Cellulitis is a spreading infection of the skin and the tissues beneath it.
Cellulitis is caused by staphylococcus or streptococcus bacteria.
Risk factors for getting cellulitis
Anyone can get cellulitis, as it occurs when a break in the protective barrier of the skin provides the opportunity for bacterial infection. This could be caused by something as simple as an insect bite or a scratch while gardening. People with conditions that cause cracks and breaks in the skin, such as eczema, athlete’s foot, lymphoedema or venous leg ulcers, are known to be at an increased risk. Likewise, intravenous drug use or the use of cannulae or other medical devices that pierce the skin can also cause the condition.
A weakened immune system (which could be caused by chemotherapy, immunosuppressant medication or conditions such as poorly controlled diabetes), can also increase the risk of developing cellulitis, since the body is less able to fight infection.
Cellulitis starts with a red, painful, hot, swollen and tender area of skin that will gradually spread without treatment. Blistering may occur. A general feeling of being unwell and/or tiredness may come before or at the same time as the skin symptoms.
Cellulitis needs treatment with antibiotics at the earliest opportunity to kill the bacteria responsible. Antibiotics may be given orally if the infection is mild, or may require hospital admission and intravenous administration if severe. Any compression garments that are worn on the affected area should be removed until the infection is under control, then reapplied, according to your healthcare professional’s instructions.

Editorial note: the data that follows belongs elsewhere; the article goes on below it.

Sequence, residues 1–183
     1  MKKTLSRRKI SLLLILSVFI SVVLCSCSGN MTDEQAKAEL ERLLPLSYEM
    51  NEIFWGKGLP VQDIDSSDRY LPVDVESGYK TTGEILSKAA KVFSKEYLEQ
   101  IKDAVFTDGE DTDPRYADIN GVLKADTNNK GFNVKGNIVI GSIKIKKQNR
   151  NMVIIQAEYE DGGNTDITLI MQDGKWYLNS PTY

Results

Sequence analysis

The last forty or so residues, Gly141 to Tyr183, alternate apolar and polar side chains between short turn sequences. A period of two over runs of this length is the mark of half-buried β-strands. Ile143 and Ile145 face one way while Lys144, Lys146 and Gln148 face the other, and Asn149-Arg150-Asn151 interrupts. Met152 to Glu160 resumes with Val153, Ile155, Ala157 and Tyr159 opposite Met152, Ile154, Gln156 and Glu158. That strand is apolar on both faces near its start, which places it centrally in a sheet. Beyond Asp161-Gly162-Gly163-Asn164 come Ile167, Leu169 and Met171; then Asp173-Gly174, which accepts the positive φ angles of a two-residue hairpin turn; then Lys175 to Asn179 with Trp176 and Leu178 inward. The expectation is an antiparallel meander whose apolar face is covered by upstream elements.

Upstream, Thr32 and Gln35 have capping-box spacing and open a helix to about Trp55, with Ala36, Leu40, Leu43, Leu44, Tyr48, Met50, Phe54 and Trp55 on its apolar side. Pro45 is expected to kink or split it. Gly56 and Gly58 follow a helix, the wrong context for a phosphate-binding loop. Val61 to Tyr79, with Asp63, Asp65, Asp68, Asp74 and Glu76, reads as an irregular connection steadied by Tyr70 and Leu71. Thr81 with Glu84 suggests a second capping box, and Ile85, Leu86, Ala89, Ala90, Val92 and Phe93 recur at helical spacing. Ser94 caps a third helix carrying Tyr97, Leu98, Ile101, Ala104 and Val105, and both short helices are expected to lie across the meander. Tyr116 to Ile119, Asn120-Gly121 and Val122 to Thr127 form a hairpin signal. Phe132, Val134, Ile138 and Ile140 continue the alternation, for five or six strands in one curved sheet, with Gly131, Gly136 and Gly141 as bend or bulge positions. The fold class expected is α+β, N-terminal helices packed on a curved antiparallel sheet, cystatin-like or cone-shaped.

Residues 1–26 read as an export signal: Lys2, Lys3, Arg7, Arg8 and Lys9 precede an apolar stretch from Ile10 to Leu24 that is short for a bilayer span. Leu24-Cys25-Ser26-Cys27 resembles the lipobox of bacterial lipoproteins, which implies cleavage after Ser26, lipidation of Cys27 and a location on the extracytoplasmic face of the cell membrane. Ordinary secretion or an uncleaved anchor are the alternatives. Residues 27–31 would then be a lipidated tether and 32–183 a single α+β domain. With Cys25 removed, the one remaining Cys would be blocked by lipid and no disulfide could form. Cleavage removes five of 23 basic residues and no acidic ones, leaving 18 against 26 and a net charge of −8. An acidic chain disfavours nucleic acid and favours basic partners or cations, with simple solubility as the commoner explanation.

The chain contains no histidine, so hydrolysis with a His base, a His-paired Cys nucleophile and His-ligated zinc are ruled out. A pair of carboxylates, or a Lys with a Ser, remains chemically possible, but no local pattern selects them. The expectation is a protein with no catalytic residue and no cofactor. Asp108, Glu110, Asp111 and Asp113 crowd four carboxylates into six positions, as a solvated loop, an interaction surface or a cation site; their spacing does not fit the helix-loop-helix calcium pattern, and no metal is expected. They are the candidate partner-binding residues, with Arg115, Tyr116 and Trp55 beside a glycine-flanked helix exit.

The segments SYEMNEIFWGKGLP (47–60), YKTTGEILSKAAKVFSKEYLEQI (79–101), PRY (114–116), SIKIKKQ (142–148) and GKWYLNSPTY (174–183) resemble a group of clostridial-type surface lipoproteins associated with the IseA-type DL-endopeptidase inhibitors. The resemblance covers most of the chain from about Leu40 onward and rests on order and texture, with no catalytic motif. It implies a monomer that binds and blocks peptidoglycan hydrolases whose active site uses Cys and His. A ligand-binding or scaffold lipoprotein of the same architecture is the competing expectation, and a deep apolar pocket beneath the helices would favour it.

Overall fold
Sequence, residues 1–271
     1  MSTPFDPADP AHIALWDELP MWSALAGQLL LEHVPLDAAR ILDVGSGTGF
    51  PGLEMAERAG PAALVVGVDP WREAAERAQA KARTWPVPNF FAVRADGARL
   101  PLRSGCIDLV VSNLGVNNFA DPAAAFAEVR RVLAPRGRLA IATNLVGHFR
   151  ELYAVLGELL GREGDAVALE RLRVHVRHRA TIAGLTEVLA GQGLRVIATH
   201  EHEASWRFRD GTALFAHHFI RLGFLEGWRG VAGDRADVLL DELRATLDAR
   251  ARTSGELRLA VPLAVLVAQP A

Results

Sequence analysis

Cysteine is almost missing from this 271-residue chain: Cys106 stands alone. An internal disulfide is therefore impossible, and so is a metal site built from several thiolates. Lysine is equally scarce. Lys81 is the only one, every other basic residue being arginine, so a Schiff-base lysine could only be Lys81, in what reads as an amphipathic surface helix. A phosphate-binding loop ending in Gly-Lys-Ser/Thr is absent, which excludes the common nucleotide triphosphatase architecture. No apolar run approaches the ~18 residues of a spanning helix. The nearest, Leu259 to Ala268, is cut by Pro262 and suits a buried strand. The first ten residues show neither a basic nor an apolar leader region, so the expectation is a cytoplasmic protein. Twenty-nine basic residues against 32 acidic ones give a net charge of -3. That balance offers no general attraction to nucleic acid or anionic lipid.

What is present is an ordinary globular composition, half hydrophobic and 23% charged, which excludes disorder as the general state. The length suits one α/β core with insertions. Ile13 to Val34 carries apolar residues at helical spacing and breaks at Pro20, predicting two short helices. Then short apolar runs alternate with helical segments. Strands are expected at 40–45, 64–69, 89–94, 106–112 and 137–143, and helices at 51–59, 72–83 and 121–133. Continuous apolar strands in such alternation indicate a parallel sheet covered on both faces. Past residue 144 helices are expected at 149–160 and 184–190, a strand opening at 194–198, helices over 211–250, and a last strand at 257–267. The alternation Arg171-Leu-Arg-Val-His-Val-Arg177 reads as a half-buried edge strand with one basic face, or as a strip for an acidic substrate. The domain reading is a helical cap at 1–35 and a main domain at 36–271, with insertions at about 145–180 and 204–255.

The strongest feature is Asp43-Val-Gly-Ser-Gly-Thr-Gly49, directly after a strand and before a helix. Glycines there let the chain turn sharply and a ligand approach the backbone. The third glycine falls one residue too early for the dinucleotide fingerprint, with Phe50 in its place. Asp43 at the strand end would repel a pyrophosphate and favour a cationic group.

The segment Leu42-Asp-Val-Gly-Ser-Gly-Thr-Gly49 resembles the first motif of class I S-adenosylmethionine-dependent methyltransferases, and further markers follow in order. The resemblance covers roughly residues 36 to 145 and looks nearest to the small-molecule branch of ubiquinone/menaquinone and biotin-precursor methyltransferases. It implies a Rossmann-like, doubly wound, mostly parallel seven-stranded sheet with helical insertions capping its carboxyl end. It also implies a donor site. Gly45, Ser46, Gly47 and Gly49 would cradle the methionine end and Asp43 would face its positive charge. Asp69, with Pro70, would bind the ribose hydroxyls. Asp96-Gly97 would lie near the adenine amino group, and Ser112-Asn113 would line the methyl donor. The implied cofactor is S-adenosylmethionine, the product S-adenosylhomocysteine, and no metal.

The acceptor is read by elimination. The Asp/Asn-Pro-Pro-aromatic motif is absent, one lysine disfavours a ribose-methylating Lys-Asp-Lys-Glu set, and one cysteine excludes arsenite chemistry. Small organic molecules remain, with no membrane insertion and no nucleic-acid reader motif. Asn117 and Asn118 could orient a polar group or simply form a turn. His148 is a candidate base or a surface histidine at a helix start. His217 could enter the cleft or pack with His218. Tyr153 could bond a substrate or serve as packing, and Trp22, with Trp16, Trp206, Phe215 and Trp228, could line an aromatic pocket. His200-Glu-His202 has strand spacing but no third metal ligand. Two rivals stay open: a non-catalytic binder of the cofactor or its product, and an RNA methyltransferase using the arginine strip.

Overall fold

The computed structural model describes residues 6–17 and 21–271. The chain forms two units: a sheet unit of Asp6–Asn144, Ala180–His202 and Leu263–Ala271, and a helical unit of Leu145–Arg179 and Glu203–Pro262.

Cellulitis can be a recurring problem as simply having one episode increases the risk of it happening again. Recurrence is particularly common in patients with venous insufficiency and lymphoedema, because of the fragility of the skin.
It is therefore important to keep skin healthy and in good condition to prevent breaks occurring. This means good skin care and maintaining the recommended compression regimen to promote wound healing and/or reduce any swelling present. Monitoring of the skin, regular moisturising and rapid treatment of any wounds, bites and scratches and areas of skin inflammation (eczema) should be carried out then monitored to ensure healing takes place.
Any manageable risk factors for cellulitis, e.g. uncontrolled diabetes, intravenous drug, or obesity, should be addressed if possible to help to reduce the risk of recurrence